Potroast #11 is looking for submissions!
The theme for this issue is HOME – innovative and experimental interpretations encouraged!
When Felix Harris submitted work to Potroast, we were almost wracked by guilt over the fact that our publication was only able to offer to print them in black and white. It is with pleasure then, that we are able to present a showcase of some of Felix Harris’ recent work in its full vibrancy
Vibrancy is a good place to start a discussion of Felix’ work. Both formally and in terms of content, the paintings included today emanate with undeniable energy. The richness of palette, the eclectic, collaged composition and the simplicity of forms make the works instantly aesthetically striking. They vibrate with a visceral energy that is only compounded by the subject matter. Looking at ‘Heart ache’ (2010), the kinetic qualities and boldness of colour are instantly obvious, but they are layered with direct, grotesque and often humours allusions to sex and death. The breast-like mountains and phallic ice-cream cones and observant vaginas all take on a deeply personal, surreal tone, but stylistically seem to refer as much to Mexican Muralism as they do Surrealism.
Works such as ‘Rocky Road’ reflect this influence clearly with their colourful and energetic depictions of death, but it is the sense of allegory throughout Harris’ work that truly capture it. When we look at ‘Kahma’ there is clearly a kind of urban story being told. The figures seem to exist within some kind of city environment and compose a kind of complex culture. Yet the eclectic composition and subjects blur the intent and allow only hints towards this story-telling. This is further blurred with the introduction fantastical figures and with the introduction of religious iconography and an ambiguously moralising tone, seems to evoke the later works of Courbet as much as they do street art.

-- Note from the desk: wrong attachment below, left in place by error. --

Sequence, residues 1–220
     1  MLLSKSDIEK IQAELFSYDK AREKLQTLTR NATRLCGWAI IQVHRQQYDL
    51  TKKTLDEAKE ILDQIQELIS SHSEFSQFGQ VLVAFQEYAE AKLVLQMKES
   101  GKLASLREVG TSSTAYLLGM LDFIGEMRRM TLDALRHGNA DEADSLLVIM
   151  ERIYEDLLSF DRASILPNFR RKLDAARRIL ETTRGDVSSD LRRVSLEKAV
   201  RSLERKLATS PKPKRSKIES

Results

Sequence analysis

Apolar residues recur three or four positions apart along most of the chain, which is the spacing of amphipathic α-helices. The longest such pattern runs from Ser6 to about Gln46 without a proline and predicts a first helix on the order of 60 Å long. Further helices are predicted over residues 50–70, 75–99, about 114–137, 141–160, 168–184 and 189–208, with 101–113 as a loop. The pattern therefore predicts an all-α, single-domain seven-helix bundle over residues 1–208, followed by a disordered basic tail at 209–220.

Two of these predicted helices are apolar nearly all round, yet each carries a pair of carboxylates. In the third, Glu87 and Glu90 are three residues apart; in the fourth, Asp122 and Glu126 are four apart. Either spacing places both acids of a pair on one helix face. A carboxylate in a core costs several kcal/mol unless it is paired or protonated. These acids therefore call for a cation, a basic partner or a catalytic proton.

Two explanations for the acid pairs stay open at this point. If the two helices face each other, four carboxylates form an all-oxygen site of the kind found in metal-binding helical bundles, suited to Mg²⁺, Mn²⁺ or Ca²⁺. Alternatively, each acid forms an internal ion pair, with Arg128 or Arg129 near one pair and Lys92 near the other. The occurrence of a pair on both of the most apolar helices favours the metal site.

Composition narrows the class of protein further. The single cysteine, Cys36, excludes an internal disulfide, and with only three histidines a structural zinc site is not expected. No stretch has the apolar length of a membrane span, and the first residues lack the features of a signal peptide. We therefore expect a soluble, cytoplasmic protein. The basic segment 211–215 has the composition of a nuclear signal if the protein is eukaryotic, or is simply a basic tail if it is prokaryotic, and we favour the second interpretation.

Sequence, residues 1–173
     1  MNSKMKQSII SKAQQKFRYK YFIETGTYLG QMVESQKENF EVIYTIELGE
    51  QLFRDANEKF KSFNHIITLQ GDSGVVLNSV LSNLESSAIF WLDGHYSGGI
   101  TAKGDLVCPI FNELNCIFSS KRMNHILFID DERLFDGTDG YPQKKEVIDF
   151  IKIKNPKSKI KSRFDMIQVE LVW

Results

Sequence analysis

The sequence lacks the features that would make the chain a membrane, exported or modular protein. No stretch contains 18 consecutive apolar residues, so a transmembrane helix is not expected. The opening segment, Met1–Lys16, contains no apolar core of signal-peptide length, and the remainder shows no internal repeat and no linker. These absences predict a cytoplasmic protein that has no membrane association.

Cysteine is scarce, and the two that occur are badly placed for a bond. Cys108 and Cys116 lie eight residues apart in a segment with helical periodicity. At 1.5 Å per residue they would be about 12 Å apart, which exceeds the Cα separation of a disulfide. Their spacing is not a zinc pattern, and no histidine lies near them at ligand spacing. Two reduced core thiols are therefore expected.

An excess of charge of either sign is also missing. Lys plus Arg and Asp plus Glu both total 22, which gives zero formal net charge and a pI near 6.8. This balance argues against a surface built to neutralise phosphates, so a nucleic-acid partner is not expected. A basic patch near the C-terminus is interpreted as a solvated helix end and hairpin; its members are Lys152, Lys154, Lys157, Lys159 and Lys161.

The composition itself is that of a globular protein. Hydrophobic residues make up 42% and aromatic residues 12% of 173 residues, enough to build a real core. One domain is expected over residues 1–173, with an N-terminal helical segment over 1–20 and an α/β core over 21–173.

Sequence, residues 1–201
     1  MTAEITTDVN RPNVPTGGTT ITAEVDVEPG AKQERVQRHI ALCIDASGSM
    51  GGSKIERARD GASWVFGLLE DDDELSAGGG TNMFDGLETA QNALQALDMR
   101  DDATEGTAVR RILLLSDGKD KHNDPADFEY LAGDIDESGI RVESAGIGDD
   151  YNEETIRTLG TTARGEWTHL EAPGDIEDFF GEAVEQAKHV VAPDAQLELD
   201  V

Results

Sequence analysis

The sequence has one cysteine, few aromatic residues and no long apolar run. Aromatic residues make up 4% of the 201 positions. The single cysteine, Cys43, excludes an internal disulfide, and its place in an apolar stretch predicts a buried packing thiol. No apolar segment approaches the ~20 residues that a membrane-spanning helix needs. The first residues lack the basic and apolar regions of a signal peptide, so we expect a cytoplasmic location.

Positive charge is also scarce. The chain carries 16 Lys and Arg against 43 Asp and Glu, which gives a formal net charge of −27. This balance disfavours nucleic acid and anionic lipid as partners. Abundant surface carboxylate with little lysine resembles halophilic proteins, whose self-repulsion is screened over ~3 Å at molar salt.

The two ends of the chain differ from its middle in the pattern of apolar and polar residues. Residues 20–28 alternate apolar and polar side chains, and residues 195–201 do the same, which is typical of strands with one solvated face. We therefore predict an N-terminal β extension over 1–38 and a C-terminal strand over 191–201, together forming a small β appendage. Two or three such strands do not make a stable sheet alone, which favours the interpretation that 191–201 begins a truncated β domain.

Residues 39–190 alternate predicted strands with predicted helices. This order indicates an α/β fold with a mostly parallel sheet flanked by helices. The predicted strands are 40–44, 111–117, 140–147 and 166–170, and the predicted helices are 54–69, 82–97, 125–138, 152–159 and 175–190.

Yet, all this makes Felix’ paintings sound heavy and historical, when in fact it is quite the opposite that makes
them characteristically charming. Imbued with a very contemporary sense of self-awareness and a constant tone of parody and humour, the iconography is pulled away from heavy handedness into something that rings more true. It is the sense of something personal, but something that can equally mock itself without ego that makes Felix work so thoroughly enjoyable.
So dear readers and other citizens of the internet, it is without further ado that Potroast would like to present our showcase of the works of Felix Harris.
Felix currently has a show, Virtual Poporn, showing at the Gilberd Marriott Gallery in Wellington. See below for the invite.